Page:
A recent practice direction issued by the Chief Justice of
Ireland and recent judgments of Mr Justice Hogan indicate a shift
by the Irish Courts towards a more general right of public access
to court documents.
The prevailing situation in Ireland in relation to access to court documents is unusual among common law countries, in that there is a de facto prohibition on access to filed pleadings. This is in contrast to the general right of access that exists in other jurisdictions such as the United States and Australia where certain court documents can be accessed online.
The long-standing practice of restricting public access to court documents in Ireland is underpinned by section 65 of the Court Officers Act 1926 which maintains that access to court documents is not a general right and is instead at the presiding judge's discretion.
However, two decisions in March and October 2013 of Mr Justice Gerard Hogan laid down new principles for public access to court documents. In AIB v Tracey (No.2), Justice Hogan allowed access to an affidavit that had been opened in court to a non-party. Justice Hogan later affirmed his position in Kelly v Byrne and based this on the entitlement of the public to have access to court documents in accordance with the Constitutional principle that justice be administered in public. He noted, however, that such entitlement would not apply to all court documents, only those that had been opened in court and in respect of which there were no reporting or other restrictions.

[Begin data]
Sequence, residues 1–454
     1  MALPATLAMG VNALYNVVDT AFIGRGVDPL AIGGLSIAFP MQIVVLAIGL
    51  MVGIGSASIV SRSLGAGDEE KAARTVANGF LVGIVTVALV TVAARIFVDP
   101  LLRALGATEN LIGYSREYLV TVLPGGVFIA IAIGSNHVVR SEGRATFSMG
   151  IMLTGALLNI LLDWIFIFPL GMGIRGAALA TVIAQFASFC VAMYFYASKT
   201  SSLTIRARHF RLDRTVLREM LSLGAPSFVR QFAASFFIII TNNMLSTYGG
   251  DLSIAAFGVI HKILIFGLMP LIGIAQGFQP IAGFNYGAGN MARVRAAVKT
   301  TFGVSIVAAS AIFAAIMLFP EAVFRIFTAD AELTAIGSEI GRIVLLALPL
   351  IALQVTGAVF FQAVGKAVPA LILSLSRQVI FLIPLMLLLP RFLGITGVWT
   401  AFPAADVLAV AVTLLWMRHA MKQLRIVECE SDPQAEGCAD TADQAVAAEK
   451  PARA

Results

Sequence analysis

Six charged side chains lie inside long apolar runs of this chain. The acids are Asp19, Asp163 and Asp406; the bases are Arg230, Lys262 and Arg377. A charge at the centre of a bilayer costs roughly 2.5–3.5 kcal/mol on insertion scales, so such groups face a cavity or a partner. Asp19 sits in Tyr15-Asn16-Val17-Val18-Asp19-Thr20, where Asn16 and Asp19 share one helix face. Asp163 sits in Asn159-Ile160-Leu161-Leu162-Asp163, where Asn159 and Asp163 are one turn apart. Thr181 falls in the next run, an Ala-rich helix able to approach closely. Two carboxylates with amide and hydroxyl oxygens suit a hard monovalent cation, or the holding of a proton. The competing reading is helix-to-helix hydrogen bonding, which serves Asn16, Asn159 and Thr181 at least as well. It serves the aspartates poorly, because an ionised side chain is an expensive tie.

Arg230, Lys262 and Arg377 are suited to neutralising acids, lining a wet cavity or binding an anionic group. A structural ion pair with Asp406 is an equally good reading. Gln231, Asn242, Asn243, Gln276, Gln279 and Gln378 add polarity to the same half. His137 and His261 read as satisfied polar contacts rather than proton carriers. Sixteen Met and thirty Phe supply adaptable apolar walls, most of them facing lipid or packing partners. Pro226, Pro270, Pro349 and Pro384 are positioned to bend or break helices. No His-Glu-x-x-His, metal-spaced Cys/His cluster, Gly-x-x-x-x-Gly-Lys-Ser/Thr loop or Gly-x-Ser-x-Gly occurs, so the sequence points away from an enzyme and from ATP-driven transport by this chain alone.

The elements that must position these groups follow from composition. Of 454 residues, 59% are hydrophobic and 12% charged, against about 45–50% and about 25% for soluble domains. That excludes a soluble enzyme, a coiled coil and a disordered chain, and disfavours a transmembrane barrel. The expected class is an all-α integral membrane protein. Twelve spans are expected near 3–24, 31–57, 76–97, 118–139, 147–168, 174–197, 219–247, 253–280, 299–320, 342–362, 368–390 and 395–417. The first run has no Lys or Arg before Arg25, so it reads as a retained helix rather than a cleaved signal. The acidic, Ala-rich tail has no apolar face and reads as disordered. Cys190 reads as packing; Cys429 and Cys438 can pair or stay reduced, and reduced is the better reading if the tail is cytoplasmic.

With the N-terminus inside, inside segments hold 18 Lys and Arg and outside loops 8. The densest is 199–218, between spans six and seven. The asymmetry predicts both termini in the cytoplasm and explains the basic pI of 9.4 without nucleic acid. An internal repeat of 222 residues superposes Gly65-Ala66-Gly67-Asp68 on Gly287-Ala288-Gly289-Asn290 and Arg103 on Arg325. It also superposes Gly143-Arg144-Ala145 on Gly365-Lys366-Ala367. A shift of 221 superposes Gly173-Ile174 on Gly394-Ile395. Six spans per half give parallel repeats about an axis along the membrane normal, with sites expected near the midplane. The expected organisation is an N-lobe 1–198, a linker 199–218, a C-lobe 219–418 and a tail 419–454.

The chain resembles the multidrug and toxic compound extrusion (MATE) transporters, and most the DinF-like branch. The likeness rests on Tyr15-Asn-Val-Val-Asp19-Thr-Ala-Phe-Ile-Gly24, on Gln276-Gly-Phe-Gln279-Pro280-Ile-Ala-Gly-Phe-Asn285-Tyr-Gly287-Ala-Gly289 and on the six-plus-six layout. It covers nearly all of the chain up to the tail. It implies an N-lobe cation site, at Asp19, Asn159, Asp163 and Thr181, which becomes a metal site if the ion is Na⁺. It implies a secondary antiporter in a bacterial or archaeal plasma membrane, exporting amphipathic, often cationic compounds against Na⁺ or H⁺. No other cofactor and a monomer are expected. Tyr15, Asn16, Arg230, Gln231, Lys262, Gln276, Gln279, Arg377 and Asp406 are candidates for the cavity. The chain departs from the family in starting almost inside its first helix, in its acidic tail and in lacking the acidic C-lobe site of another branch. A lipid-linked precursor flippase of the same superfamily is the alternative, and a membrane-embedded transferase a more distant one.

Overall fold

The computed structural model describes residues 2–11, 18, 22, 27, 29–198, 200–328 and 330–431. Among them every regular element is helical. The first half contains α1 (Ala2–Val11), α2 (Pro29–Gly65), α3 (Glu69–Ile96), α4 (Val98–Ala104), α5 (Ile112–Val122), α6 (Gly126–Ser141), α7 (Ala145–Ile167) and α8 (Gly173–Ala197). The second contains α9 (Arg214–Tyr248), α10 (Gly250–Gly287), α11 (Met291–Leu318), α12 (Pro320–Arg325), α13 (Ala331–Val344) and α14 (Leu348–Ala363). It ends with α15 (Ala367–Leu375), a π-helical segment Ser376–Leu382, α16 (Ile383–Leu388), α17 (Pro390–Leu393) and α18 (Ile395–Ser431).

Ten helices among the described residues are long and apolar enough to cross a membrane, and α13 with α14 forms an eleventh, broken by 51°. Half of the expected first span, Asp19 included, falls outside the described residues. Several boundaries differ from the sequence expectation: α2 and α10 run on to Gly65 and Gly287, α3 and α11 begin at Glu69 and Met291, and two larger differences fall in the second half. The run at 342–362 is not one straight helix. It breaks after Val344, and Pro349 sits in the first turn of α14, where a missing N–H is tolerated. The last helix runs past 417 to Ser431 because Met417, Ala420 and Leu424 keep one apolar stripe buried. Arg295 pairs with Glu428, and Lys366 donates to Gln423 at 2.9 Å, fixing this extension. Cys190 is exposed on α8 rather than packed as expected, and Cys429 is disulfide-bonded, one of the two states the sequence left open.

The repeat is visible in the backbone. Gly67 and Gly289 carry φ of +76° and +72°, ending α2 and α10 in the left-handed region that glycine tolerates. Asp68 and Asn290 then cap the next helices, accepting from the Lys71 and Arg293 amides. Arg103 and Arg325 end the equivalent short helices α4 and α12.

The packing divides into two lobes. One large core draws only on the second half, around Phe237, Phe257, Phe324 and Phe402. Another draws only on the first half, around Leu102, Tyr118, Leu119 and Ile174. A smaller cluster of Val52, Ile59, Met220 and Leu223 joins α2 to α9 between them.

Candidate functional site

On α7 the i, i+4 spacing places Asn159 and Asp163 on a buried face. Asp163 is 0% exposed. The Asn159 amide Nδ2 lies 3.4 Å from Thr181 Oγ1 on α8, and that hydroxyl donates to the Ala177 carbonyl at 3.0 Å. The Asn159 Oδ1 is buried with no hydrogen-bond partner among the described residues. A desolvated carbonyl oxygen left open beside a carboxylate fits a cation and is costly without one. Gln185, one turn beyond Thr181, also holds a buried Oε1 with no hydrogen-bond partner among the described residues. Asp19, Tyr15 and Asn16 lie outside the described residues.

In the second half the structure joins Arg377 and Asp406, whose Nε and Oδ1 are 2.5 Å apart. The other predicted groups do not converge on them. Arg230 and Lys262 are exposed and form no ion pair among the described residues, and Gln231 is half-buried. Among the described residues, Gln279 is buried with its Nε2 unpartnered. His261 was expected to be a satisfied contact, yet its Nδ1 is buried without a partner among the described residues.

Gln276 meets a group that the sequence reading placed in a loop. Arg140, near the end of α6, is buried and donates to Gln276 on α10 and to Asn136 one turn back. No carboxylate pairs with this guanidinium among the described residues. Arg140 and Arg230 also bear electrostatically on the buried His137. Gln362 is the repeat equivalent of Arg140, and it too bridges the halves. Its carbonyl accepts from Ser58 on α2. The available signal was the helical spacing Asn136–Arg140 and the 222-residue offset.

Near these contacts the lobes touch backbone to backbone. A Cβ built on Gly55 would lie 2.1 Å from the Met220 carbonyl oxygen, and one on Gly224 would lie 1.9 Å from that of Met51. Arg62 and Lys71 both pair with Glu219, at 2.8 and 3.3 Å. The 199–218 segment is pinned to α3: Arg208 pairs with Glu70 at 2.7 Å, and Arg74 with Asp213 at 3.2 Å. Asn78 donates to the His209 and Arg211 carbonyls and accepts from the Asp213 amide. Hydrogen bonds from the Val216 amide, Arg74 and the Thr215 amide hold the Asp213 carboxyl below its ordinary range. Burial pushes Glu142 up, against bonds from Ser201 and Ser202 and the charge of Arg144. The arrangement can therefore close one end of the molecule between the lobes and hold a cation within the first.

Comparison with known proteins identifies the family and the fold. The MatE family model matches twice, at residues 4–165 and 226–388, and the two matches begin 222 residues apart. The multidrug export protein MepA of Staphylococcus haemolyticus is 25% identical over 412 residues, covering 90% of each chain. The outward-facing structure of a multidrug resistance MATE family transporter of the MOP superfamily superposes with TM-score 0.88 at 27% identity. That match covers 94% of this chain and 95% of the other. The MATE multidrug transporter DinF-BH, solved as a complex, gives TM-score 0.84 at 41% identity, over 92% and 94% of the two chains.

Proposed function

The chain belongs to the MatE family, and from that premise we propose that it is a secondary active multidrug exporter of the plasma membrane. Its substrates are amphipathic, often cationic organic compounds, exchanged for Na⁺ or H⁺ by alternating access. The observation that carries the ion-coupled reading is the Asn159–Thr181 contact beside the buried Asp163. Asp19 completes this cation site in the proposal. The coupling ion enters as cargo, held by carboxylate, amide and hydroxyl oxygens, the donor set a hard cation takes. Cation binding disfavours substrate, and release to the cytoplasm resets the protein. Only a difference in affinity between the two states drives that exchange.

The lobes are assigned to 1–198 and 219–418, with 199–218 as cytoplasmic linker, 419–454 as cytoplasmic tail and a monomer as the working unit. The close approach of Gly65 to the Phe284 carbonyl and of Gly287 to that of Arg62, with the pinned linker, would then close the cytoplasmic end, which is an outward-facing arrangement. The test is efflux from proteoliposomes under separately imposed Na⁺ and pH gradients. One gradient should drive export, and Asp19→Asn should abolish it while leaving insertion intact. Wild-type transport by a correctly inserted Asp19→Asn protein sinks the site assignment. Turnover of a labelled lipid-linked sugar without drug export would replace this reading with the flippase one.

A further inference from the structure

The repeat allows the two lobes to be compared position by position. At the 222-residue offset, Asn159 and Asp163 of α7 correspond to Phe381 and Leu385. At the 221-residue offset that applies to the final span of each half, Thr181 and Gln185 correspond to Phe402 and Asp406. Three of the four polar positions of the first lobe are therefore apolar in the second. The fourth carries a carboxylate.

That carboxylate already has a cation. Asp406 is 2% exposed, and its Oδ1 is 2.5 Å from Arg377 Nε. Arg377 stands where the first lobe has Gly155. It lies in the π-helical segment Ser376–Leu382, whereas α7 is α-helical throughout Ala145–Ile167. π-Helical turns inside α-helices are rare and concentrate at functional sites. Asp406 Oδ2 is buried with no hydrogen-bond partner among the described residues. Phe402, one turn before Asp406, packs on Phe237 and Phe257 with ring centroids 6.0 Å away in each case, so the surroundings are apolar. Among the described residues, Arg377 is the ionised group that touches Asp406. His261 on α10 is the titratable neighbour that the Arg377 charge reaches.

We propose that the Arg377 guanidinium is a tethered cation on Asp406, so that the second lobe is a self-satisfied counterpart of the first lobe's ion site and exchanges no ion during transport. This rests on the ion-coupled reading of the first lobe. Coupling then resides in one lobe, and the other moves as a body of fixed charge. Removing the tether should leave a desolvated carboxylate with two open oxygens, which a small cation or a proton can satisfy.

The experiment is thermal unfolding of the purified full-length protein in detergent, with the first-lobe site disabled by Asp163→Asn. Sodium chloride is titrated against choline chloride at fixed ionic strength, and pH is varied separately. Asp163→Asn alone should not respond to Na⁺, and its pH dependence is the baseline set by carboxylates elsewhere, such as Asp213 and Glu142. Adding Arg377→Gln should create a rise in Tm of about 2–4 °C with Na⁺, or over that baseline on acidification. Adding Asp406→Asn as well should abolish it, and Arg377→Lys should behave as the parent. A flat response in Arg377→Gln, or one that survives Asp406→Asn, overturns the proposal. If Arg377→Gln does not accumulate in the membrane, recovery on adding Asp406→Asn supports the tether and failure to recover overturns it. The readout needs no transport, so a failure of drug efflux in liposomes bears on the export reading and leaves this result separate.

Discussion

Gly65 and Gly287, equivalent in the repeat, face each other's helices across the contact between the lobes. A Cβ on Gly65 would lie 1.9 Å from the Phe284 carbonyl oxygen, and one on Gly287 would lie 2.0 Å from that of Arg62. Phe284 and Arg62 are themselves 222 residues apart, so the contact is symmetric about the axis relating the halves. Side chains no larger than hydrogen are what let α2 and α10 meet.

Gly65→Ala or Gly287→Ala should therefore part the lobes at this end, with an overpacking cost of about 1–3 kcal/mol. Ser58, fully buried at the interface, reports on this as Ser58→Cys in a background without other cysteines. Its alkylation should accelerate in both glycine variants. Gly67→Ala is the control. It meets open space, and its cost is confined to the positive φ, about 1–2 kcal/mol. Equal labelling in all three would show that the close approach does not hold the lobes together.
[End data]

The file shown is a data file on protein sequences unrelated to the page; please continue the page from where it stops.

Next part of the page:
In another significant development, a Supreme Court practice direction (SC15) was issued in October 2013 stating that written submissions to the Supreme Court would now be made available to the public, albeit with the caveat that certain submissions would need to be redacted where necessary.
A consequence of this development is that any confidential and commercially sensitive information set-out in pleadings might be available to the public if the relevant pleading is opened to the court without restriction. If this would be an issue for potential litigants, they should consider asking the court, by way of submission or otherwise, to confirm that such information be restricted from public access.
The content of this article is intended to provide a general guide to the subject matter. Specialist advice should be sought about your specific circumstances.